My background was in web, but throughout that whole time I didn’t know about the term ‘Accessibility.’ It wasn’t taught at university and it never came up during my time dealing with clients in Austria. It was very bizarre because I was looking for jobs in London and came across one I wasn’t particularly interested in. It was a Customer Success role, so it was about making sure people renew their contracts and yearly subscriptions. One of the products this company provided was an accessibility product. I had to learn about accessibility before the interview despite it being something affected me my whole life. It was a really weird experience, I just had no idea that accessibility was such a huge topic in the field of digital content development and delivery despite being visually impaired myself.
It’s a bit sad that I didn’t know about it before then but at the same time, it showed me that accessibility has actually come quite a long way since I’ve learned about it six years ago. It’s a testament to how far accessibility has to go but also perhaps how far it has come in those six years. I just still find it staggering that despite having gone to school and university to learn about the internet, that accessibility just didn’t come up once.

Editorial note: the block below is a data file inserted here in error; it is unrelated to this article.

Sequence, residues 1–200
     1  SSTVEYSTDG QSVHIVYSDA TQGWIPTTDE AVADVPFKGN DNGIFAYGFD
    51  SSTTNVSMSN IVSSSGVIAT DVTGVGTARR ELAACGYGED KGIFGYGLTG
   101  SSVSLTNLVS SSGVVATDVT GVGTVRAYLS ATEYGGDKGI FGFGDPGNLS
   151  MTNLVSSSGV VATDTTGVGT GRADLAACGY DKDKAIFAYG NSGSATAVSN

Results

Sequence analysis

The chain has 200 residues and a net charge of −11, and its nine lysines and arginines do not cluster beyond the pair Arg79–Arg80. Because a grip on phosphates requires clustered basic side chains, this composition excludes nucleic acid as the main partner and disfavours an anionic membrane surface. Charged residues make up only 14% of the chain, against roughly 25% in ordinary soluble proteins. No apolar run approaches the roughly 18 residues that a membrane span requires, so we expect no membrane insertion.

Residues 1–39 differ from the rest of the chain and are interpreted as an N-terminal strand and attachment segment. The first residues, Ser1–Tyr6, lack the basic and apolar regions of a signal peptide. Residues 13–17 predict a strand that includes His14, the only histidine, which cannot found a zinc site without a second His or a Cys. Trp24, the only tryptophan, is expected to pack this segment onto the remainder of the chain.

I think there’s a huge opportunity at the university level for accessibility and that was something that I felt immediately when I started working at SiteImprove, seeing these products that are very educational, I thought: ‘This is the sort of thing you need as an educational resource.’ And funnily enough when I gave a talk as part of the London Accessibility Meetup group, I was approached by a couple of universities to come and speak at their organisation.
What motivates you to do a good job?
That’s a good question because the answer is not so straight forward. I’d say as a disabled person, especially as a visually impaired person, I have a lot of trust issues about me being able to see things. I don’t always trust what I’m seeing or experiencing and I think that has a big knock on effect to many parts of my life. So I think there’s a tendency to want to be doubly sure or doubly good and work really hard to prove and demonstrate that I can do what people have given me to do. So the motivation is proving to people that my impairment doesn’t need to have a negative impact on the quality of my work.
What’s motivational for me I suppose is proving people wrong, but often my disability is perhaps not so obvious to a lot of people that they don’t really know what to expect anyway. They kind of expect me to get on with the job, so I guess my motivation is not necessarily driven by other people but more by the reassurance I get for myself when I complete something, just to know that I can do it.
How do you learn at work?
I prefer to learn audibly. At school I didn’t learn from people writing stuff on the blackboard or whiteboard because I just couldn’t see it, so I was very attentive to information that was conveyed verbally.
Reading is not ideal for me, however I do have a very large monitor at work that I use. It’s a 42-inch display and I use the built-in zoom functionality in the browser to zoom in at about 250% on already very low resolution screen.